Nigerian army frees nearly 180 Boko Haram hostages

The announcement follows a series of deadly attacks by the jihadists in the country’s restive northeast.

“During the offensive operations, 178 people held captives by the terrorists were rescued, they include 101 children, 67 women and 10 men respectively,” military spokesperson Colonel Tukur Gusau said in a statement.

The dramatic rescue, which the army said also led to the capture of a Boko Haram commander, took place near Aulari about 70km south of Maiduguri, the biggest town in northeast Nigeria, the spokesperson said. He did not specify when the operation was conducted.

The Nigerian military has announced the release of hundreds of people held captive by Boko Haram in recent months, especially in the notorious Sambisa forest, a longtime Islamist stronghold where militants have pledged allegiance to the Islamic State group. 

The release of the hostages came after several attacks by Boko Haram fighters in recent days, who killed 13 people in an assault on Malari village in northeast Nigeria’s restive Borno state early Sunday, witnesses said. Also on Sunday, the army said it had carried out air strikes in the northeast to repel an attack by the jihadist group and had killed a “large number” of the extremists. 


The Nigerian Air Force said it had “successfully repelled an attack on Bita village by the Boko Haram terrorist group” in a combined operation with ground troops after spotting militants planning an assault.   

‘They set houses ablaze’
Local farmer Moha Saleh said 13 people were killed and 27 wounded in Sunday’s attack, which began when the Islamists stormed the village. “They also set many houses ablaze after accusing us of telling soldiers their whereabouts,” he told Agence France-Presse. 

Local resident Goni Musa, a vigilante who fights against Boko Haram alongside the Nigerian military, gave the same death toll. “This morning 13 bodies were recovered, some had been shot in the back, which means they were fleeing when the terrorists killed them,” Musa said. 

“They burned down houses and shops before they left, yelling ‘Allahu Akbar‘ [God is great]. Our terrorised women and children fled into the bush and returned to Maiduguri this morning,” he added. Maiduguri is some 20km north of Malari.

State police commissioner Aderemi Opadokun confirmed the attack but gave a lower toll, saying seven people had been killed. Malari has been the target of numerous attacks in recent months, including a suicide bombing by a youth in a mosque in the middle of the Muslim holy month of Ramadan in July, which left 12 people dead.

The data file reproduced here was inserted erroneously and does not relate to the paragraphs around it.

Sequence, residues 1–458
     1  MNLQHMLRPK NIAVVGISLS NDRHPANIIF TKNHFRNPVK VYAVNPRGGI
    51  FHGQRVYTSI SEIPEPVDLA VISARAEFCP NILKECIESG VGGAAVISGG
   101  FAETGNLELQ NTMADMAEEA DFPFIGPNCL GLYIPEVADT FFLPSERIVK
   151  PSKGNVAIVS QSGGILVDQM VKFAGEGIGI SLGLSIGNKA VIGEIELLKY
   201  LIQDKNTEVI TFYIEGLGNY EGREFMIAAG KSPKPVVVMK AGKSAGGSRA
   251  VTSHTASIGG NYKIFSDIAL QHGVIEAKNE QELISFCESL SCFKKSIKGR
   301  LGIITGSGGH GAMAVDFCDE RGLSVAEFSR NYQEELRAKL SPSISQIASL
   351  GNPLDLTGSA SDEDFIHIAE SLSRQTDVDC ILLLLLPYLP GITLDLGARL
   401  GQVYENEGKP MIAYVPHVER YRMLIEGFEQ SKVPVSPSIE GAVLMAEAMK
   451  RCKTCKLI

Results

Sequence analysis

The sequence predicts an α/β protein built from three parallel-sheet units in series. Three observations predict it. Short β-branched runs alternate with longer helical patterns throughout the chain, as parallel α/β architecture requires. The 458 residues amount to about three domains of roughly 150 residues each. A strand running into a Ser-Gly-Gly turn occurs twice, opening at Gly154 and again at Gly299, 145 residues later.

Bloody insurgency
Boko Haram’s bloody insurgency in Nigeria alone has left more than 15 000 people dead since 2009. In recent months, the group has increasingly expanded its operations into neighbouring countries. Nigeria and its neighbours are preparing to launch a new multinational force to combat the militants, in the face of the group’s escalating violence in the region. 

The new 8 700-strong multinational force – made up of troops from Nigeria as well as Cameroon, Chad and Niger – is expected to go into action soon, officials say. The president of neighbouring Niger, Mahamadou Issoufou, expressed his confidence that the new regional force would succeed in “eradicating” the insurgents.

“The multinational joint force will allow eradication … of the blind terrorism of Boko Haram,” Issoufou said in a televised speech Sunday. Boko Haram was also accused of attacking the town of Gamboru on Saturday, near the border with Cameroon. Witnesses in nearby villages said the militants had set fire to houses, sending columns of black smoke into the sky. 

Umar Babakalli, a refugee from Gamboru who fled to the nearby Cameroonian town of Fotokol several months ago, said he saw fighter jets circling overhead “but there was no sign of any bombardment”. 

It was not immediately clear if the fires had caused any victims but Babakalli said Gamboru, a town which has faced repeated Boko Haram assaults, was deserted. “There is nobody in Gamboru,” he said. – AFP

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